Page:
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Introducing AWS Cloud9

Until now, we have been using VSCode IDE on our local machine. While this allows for a faster and easier setup, there are some drawbacks. For instance, we have to set up AWS access keys and secrets. Now imagine in a collaborative environment, we will need each team member to set up AWS credentials which may not be ideal. As an alternative, we can use AWS Cloud9.

What is AWS Cloud9

AWS Cloud9 is a cloud-based integrated development environment (IDE) that allows you to write, run and debug code via the browser. Like VSCode, it encompasses a code editor, debugger, and terminal. You can work on your project from anywhere, as long as you have a machine connected to the internet. In addition, sharing development environments and code pairing with team members is a breeze.

Also, AWS Cloud9 comes with a terminal that includes sudo privileges to the managed Amazon EC2 instance hosting your development environment and a preauthenticated AWS Command Line Interface. This makes it easy for you to run commands quickly and directly access AWS services.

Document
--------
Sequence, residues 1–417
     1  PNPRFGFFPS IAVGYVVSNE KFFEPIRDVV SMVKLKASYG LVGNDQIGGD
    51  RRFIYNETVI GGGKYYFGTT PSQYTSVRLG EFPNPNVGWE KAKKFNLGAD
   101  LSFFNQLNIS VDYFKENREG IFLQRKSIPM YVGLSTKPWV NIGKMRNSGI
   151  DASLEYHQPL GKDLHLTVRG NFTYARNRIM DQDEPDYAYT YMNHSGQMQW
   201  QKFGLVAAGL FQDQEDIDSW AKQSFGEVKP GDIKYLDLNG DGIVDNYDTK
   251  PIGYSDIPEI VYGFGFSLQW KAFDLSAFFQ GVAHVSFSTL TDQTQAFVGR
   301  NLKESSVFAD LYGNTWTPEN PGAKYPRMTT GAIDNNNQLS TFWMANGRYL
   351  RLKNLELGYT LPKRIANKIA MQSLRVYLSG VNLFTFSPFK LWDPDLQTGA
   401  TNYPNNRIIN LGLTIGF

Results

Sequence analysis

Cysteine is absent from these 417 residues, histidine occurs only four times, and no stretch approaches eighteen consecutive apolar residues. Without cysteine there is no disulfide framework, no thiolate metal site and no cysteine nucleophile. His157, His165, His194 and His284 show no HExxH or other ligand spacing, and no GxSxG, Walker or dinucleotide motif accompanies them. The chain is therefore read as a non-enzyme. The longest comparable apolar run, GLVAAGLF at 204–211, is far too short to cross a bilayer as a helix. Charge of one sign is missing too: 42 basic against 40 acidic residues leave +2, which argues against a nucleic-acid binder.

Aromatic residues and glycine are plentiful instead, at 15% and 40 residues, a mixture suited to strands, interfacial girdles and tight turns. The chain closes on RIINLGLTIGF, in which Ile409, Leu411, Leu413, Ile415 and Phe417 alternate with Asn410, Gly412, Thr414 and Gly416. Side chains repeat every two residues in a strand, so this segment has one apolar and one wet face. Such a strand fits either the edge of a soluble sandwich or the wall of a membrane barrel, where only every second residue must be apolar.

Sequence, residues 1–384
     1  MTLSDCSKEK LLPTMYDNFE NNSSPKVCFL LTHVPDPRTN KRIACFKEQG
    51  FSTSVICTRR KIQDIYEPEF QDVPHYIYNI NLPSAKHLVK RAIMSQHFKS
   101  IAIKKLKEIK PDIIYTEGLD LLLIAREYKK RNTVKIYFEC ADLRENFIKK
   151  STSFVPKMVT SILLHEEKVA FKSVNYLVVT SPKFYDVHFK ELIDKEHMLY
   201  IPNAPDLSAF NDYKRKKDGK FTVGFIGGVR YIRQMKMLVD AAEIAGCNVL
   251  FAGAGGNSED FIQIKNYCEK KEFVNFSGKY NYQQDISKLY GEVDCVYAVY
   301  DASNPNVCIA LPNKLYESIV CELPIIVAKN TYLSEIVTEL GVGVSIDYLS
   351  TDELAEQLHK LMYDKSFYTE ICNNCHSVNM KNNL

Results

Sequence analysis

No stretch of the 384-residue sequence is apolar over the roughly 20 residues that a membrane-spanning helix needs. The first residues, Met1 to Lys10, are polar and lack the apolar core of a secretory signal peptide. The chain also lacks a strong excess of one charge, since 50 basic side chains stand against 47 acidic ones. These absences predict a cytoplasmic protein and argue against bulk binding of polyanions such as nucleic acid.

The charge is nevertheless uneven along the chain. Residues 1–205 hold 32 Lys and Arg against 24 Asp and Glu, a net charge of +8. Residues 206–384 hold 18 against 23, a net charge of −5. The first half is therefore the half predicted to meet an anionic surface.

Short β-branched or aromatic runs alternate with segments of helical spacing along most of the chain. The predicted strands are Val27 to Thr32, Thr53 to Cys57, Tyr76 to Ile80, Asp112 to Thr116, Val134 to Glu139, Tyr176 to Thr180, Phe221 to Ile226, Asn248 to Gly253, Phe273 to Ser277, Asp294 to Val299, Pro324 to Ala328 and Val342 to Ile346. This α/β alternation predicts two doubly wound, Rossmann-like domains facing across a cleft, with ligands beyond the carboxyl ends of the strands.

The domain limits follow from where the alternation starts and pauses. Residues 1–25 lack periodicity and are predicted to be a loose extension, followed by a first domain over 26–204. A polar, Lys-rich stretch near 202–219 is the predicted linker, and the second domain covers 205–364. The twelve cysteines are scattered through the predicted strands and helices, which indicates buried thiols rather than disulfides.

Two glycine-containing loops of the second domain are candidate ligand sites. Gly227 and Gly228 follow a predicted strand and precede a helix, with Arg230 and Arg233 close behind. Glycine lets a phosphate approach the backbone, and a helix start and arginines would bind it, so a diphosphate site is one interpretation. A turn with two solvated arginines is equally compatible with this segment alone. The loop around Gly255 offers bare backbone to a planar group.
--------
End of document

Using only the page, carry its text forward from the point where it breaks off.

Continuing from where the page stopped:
Cloud9 Setup

Create environment

  1. Navigate to your AWS console and search for Cloud9
  2. Click on the Create environment button
  3. Provide a name for your environment

Create Cloud9 env

  1. Click next and make sure to select at least the following settings just to make sure we work with the same settings

cloud9 env settings

  1. Proceed with all the remaining steps and create your environment. Creation process may take a few minutes.

Git setup

Next, we need to pull in our code from a code repository. In my case, I'm using GitHub, so my instructions will be more specific towards GitHub.

Clone code repository

AWS Cloud9 EC2 environments come preinstalled with Git. Trying cloning the repository that has your work to this point, you will get permissions issues.

ubuntu:~/environment $ git clone
Cloning into 'aws-terraform-by-example'... Permission denied (publickey).
fatal: Could not read from remote repository.

Please make sure you have the correct access rights
and the repository exists.

GitHub setup for ssh access

While in your Cloud9 terminal, run the following commands

  1. Generate RSA key pair
$ ssh-keygen -t rsa

Hit enter on all steps until you get

ubuntu:~/environment $ ssh-keygen -t rsa
Generating public/private rsa key pair.
Enter file in which to save the key (/home/ubuntu/.ssh/id_rsa): 
Enter passphrase (empty for no passphrase): 
Enter same passphrase again: